Ok, here we are ahead of another weekend of place your chips black or red. Looking at market levels in Europe, there is a big assumption that Macron makes it into the 2nd round notwithstanding the tight polls. The CAC is all of 1.5% from its highest level of the year (although still down more from its 2015 peak), the euro trades well above $1.07 and the French 10 yr yield sits at just .90% with its spread to the German 10 yr at the most narrow in two weeks. So, stating the obvious, if Macron is in the top two, stocks rally, euro rises and bond yields jump. We’ll also see a stock rally elsewhere and bonds will selloff with yields higher. What we will also get is Mario Draghi resting a bit easier which likely means we’ll get another taper by the end of the summer. The Fed will keep raising rates as long as they continue to look at the backward looking labor and inflation stats and maybe we see QT. Now that the BoE has ended QE balance sheet enlargement, maybe we get a rate hike some time after the UK election in June as Brexit negotiation fears wane. A tailwind here, a headwind there. As for the BoJ, Governor Kuroda is truly out of his mind in a mad scientist way. In case you missed his comments yesterday in an interview on Bloomberg, in response to a question about reaching monetary limits he said they own 40% of JGB’s which means there is 60% left and he doesn’t “see any constraints to BoJ policy.”
This all gets to the changed focus of markets that was highlighted post US election. Stocks now like higher yields because it validates its view of quicker economic growth. Historically that has been the right move initially. And I emphasize initially. Memories are short however this time around because what benefited stocks so much in this bull market were low rates and QE, modest growth, profit margin gains and multiple expansion. We now have at least rising short rates and less QE and maybe QT, hopes for tax reform induced faster growth, profit margin declines because labor is getting more and we’ll soon see on multiples but they are most likely to decline as the Fed keeps hiking. Interesting times.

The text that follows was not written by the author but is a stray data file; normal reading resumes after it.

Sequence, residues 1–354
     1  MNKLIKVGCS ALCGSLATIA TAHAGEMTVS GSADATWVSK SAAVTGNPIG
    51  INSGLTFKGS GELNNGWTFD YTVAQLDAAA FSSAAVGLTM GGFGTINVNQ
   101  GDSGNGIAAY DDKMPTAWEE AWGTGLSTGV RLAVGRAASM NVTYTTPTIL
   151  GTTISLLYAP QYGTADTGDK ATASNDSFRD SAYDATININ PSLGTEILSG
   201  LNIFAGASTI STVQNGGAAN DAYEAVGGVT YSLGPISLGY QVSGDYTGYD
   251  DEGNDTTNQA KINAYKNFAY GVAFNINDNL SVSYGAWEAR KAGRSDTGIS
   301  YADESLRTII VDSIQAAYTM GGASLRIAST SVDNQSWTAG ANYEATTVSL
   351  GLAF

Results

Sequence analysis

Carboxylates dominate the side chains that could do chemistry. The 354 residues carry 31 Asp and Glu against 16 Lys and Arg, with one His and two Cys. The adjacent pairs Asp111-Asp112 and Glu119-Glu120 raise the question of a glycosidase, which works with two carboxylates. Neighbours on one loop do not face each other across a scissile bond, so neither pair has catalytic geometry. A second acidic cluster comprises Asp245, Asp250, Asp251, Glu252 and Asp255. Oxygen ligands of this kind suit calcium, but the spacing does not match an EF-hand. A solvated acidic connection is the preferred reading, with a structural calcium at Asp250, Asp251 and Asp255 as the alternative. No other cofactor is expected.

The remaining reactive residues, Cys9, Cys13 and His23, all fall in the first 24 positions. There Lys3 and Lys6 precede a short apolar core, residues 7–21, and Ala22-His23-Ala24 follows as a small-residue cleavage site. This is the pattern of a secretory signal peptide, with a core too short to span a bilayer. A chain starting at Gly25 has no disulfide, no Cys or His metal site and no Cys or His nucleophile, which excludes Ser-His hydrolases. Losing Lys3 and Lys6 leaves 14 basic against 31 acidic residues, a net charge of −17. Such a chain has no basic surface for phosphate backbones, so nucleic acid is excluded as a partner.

On the rally in stocks yesterday on the healthcare overhaul and tax reform hopes, do we need another reminder that this is the crux of the bull case right now? I want this reform as much as anybody but it just reinforces my belief that the post election rally has been solely driven by these hopes. On the possibility that we do get tax changes this year, I believe we do as I think the urgency is there to do so. I just think monetary headwinds will eventually overwhelm the fiscal optimism with respect to market direction by year end but my readers know my thoughts on that already.
We saw another month of disappointing UK retail sales and this is now a recurring theme unfortunately as inflation rises and wages don’t keep up. Retail sales ex auto fuel in March was lower by 1.5% m/o/m, below the estimate of down .5%. The y/o/y gain of 2.6% is the 2nd slowest since December 2015. These figures are a measure of volume, not price so has greater relevance in gauging the impact of price. Sales ex auto fuel on value/price was down by 1% m/o/m and up 4.7% y/o/y. Looking at volume sales ex auto fuel for the all of Q1 saw sales down 1.2% q/o/q which is the 2nd biggest decline since 2010. The national statistics office said the softness in sales “seems to be a consequence of price increases across a whole range of sectors.” After a great week, the pound is down a touch in response and gilt yields are dropping.
Also out of Europe was the manufacturing and services composite index for April which was up by .3 pts to 56.7, the best in 6 years. Germany’s index actually fell m/o/m but was offset by a gain in France. Employment in particular “rose to the highest for almost a decade as firms boosted operating capacity in line with buoyant demand and widespread optimism about future prospects. Price pressure meanwhile remained among the strongest seen over the past 6 years.” Also on the rising inflation, “supply chains also continued to tighten, signaling a growing trend towards a sellers’ market for many items…Evidence of rising wage pressures also continued to be seen.” Mario might finally get what he wants and if Macron wins, we can all hope for even quicker European growth if their bond markets don’t revolt. No free lunches here.